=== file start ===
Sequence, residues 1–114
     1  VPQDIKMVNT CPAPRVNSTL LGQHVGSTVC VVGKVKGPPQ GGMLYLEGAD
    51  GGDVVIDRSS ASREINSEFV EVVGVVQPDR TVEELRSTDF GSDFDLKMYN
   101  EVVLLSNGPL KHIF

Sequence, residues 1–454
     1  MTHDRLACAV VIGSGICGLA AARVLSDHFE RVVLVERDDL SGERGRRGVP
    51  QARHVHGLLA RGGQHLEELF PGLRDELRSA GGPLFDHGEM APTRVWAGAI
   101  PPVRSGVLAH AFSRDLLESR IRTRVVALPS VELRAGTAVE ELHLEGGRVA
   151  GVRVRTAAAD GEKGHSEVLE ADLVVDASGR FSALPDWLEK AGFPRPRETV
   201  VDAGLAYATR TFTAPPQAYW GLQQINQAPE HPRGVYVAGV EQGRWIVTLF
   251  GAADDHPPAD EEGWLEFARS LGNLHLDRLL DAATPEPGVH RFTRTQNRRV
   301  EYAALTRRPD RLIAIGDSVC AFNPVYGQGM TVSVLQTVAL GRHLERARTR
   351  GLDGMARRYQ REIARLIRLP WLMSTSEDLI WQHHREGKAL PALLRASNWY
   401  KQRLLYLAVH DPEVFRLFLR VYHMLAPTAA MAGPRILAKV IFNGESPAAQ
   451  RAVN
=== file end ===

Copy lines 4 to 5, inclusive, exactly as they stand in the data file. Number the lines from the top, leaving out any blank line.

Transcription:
   101  EVVLLSNGPL KHIF

Sequence, residues 1–454